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Boeing Turns to Ex-Mechanic for Sales Fix

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EVERETT, Wash. — As Boeing Co. tries to rev up airliner sales and restore customers' confidence in its ability to deliver new jets on schedule, the aerospace giant is counting on an unassuming executive who began his career as a plane mechanic. Boeing's Ray Conner dots the eye of a ceremonial lion at an April event to mark the completion of a joint-venture factory in Tianjin, China. Ray Conner is a three-decade company veteran who most recently managed its supply chain. He took on the… (online.wsj.com) Daha Fazlası...

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malinoff112
Donny Malinoff 0
EVERETT, Wash.—As Boeing Co. tries to rev up airliner sales and restore customers' confidence in its ability to deliver new jets on schedule, the aerospace giant is counting on an unassuming executive who began his career as a plane mechanic.

Boeing's Ray Conner dots the eye of a ceremonial lion at an April event to mark the completion of a joint-venture factory in Tianjin, China.

Ray Conner is a three-decade company veteran who most recently managed its supply chain. He took on the new role of senior vice president of sales and customer support for Boeing Commercial Airplanes earlier this month, in a management shake-up. The move came just weeks after archrival Airbus, based in Toulouse, France, won part of a record aircraft order from AMR Corp.'s American Airlines, a longtime Boeing customer that hadn't purchased Airbus planes since the late 1980s.

Mr. Conner, 56 years old, succeeded Marlin Dailey, who became president of Boeing operations in northern Europe and Africa. Mr. Conner, who briefly was vice president of sales prior to Mr. Dailey, this time will also run Boeing's large and growing aviation-services business, which helps carriers manage their fleets.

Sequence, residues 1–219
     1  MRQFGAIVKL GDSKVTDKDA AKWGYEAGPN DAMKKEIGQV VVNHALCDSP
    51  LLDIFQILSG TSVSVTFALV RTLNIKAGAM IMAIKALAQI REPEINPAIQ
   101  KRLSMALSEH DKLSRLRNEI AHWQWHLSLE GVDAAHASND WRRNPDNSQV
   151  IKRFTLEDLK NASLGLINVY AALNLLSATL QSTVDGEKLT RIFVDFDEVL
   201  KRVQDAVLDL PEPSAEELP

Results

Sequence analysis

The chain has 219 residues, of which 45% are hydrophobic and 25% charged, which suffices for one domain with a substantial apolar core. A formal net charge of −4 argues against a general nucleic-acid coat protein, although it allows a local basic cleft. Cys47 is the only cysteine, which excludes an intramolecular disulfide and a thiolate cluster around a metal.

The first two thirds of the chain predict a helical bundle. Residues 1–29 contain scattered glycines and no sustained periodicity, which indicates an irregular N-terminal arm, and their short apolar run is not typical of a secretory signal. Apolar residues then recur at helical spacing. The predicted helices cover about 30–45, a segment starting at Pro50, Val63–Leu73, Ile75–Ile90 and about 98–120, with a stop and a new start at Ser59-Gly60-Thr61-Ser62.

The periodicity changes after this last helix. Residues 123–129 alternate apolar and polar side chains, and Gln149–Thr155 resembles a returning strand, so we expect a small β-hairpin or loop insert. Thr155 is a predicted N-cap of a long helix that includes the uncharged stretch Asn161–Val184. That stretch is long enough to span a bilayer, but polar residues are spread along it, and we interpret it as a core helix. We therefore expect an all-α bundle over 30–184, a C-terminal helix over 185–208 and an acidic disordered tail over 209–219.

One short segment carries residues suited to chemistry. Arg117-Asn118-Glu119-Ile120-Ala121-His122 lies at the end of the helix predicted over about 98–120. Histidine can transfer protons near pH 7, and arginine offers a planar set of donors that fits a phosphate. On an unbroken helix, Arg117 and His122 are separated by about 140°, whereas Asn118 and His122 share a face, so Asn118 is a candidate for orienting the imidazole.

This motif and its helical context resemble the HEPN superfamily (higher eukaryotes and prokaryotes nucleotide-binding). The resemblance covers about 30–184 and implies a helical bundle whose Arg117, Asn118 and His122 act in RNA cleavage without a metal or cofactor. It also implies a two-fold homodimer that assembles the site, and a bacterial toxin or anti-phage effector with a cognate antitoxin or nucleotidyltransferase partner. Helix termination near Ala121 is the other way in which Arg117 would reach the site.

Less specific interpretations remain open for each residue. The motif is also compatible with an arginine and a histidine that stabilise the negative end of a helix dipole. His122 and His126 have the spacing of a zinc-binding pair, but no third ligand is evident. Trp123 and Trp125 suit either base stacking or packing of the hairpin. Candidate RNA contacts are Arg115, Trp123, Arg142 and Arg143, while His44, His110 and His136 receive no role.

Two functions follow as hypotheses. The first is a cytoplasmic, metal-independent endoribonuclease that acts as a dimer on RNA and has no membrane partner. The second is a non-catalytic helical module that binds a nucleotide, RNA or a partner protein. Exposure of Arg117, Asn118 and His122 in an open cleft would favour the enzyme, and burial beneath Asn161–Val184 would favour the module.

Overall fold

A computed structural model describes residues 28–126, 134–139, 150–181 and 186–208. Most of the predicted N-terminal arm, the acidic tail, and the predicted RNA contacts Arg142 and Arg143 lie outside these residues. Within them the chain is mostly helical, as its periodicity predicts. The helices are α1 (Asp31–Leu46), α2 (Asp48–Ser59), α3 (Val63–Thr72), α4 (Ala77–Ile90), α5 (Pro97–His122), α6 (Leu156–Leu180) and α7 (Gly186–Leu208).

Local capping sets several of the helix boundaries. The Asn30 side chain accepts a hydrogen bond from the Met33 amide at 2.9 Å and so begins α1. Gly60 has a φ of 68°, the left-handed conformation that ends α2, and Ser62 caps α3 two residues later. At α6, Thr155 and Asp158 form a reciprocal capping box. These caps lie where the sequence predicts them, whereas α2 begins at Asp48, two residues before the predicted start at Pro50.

Dreamliner Deferred

Boeing's long-awaited 787 Dreamliner was dogged and delayed by problems. See stock price, key events and, in red, production delays.

Mr. Conner's promotion shows how seriously Boeing viewed the decision by American and other players to place big orders for revamped Airbus A320s, which compete with Boeing's workhorse 737s, say analysts and people close to Boeing.

The appointment also signals that Chicago-based Boeing sees Mr. Conner as a potential head of its commercial-airplanes unit, these people say. Jim Albaugh, the 61-year-old who runs the $32 billion division, holds Mr. Conner in high regard, company officials say.

Aviation executives say Mr. Conner's low-key, forthright demeanor has made him popular with airline customers. "He does what he says he is going to do, which is kind of novel," said Gordon Bethune, a former Boeing executive who later ran Continental Airlines Inc.

Mr. Conner has overseen major jetliner programs including the 747 jumbo jet and 777 widebody, managed development efforts and led sales teams around the world.

Boeing declined to make Mr. Conner and other executives available for interviews. A spokesman declined to comment on succession plans. Another potential candidate is Pat Shanahan, the vice president who oversees Boeing's aircraft programs and is known for his technical skills and problem-solving abilities, according to people close to Boeing.

Mr. Conner quickly encountered a test in his new role. On Sept. 16, longtime Boeing customer Cargolux Airlines International SA of Luxembourg refused to take delivery of the first new 747-8 freighter plane just three days before a hand-off ceremony. Both sides cited unresolved contractual issues. The matter remains unresolved despite continued negotiations.